TITLE: Change The Battle From Arguments To Tests AUTHOR: Eugene Wallingford DATE: March 11, 2014 4:52 PM DESC: ----- BODY: In his recent article on the future of the news business, Marc Andreessen has a great passage in his section on ways for the journalism industry to move forward:
Experimentation: You may not have all the right answers up front, but running many experiments changes the battle for the right way forward from arguments to tests. You get data, which leads to correctness and ultimately finding the right answers.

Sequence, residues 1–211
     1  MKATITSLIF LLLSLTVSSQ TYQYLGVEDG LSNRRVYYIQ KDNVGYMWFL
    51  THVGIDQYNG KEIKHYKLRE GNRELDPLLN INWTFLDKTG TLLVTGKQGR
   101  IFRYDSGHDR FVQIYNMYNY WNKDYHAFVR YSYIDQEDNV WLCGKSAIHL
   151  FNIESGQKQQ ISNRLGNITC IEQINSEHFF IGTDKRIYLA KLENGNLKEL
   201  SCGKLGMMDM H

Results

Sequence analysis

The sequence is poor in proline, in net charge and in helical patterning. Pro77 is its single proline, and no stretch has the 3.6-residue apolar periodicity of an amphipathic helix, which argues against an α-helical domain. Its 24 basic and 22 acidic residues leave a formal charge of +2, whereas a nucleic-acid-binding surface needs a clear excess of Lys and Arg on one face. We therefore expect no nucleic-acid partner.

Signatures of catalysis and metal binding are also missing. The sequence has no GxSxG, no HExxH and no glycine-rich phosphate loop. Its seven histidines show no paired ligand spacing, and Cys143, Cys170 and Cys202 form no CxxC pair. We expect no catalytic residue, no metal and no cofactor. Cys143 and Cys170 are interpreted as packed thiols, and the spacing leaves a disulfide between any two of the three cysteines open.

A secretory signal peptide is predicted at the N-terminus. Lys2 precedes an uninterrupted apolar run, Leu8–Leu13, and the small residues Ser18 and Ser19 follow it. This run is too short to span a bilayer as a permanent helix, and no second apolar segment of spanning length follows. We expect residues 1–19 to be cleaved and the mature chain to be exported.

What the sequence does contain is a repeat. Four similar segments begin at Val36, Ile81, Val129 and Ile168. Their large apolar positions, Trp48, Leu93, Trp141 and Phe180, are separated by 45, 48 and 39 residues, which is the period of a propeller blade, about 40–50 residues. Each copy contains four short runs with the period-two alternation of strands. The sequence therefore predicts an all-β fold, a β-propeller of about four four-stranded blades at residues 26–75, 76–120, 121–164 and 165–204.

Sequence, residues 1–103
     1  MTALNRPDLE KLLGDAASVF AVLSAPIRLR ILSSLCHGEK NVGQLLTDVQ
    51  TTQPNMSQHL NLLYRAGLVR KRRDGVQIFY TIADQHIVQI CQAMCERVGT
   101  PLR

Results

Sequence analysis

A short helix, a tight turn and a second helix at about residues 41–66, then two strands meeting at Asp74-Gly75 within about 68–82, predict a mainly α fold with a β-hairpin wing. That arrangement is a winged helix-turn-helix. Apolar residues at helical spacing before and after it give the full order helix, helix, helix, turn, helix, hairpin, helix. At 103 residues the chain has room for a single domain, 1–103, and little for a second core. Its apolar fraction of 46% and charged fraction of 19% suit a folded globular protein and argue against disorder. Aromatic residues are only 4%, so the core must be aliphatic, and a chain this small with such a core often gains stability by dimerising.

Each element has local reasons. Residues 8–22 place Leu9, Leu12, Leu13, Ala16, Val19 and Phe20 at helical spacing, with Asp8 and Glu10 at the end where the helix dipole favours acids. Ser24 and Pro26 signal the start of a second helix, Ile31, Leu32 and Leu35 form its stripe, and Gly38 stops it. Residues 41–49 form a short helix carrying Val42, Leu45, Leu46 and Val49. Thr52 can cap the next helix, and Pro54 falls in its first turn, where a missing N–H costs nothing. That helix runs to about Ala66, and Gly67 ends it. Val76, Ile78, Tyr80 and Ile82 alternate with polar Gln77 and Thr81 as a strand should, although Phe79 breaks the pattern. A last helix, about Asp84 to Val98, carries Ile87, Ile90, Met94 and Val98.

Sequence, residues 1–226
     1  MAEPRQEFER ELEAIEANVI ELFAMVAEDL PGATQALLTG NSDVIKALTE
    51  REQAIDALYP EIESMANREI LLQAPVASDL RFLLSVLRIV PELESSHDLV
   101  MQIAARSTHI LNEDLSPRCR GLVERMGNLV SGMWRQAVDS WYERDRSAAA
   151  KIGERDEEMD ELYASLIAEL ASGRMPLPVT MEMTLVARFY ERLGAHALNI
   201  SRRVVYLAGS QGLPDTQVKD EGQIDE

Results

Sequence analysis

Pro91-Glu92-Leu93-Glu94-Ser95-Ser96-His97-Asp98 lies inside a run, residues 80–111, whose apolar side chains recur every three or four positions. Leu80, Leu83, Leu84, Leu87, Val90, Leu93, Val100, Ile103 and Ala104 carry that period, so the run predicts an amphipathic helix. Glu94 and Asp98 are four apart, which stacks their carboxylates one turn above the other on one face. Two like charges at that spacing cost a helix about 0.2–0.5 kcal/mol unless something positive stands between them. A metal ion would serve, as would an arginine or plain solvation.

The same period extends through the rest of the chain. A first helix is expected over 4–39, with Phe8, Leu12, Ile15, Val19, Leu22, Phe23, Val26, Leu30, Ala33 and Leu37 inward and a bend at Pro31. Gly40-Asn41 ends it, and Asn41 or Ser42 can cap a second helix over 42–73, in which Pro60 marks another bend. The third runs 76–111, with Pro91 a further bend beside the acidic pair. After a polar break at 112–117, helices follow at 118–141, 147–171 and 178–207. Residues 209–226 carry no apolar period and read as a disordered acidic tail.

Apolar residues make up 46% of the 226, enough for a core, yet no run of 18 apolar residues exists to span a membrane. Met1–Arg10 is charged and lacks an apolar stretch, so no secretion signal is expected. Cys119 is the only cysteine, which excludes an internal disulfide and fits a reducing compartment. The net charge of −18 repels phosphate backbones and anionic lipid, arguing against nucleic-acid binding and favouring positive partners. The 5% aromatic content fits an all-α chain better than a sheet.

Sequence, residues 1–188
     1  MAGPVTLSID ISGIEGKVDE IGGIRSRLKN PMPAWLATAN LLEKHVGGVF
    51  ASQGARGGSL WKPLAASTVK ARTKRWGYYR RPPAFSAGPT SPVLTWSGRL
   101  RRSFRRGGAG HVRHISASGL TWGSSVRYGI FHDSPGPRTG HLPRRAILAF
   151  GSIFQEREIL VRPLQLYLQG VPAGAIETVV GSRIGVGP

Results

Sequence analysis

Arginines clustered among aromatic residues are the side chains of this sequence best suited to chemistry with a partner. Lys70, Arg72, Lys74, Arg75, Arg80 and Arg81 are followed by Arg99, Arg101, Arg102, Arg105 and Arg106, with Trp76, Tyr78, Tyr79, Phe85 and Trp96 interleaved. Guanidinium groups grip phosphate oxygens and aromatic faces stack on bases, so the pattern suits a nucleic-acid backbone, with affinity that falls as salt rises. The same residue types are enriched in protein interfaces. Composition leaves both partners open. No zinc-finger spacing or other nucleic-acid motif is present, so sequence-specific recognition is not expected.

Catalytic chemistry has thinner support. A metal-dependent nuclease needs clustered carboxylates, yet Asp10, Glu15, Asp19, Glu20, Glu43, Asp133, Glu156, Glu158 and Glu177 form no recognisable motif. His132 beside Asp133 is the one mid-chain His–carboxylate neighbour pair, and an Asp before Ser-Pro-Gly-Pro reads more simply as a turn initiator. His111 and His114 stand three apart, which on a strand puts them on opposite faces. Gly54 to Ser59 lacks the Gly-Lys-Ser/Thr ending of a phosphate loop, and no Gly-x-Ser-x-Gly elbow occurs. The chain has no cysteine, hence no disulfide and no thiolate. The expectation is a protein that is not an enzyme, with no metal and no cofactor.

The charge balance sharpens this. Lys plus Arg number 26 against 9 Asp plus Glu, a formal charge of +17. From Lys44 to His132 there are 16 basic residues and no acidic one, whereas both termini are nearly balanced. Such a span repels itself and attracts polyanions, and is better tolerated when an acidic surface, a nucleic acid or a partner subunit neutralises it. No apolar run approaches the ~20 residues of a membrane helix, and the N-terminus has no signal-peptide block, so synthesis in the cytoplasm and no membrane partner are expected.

I love that clause: "running many experiments changes the battle for the right way forward from arguments to tests". While programming, it's easy to get caught up in what we know about the code we have just written and assume that this somehow empowers us to declare sweeping truths about what to do next. When students are first learning to program, they often fall into this trap -- despite the fact that they don't know much at all. From other courses, though, they are used to thinking for a bit, drawing some conclusions, and then expressing strongly-held opinions. Why not do it with their code, too? No matter who we are, whenever we do this, sometimes we are right, and sometimes, we are wrong. Why leave it to chance? Run a simple little experiment. Write a snippet of code that implements our idea, and run it. See what happens. Programs let us test our ideas, even the ideas we have about the program we are writing. Why settle for abstract assertions when we can do better? In the end, even well-reasoned assertions are so much hot air. I learned this from Ward Cunningham: It's all talk until the tests run. -----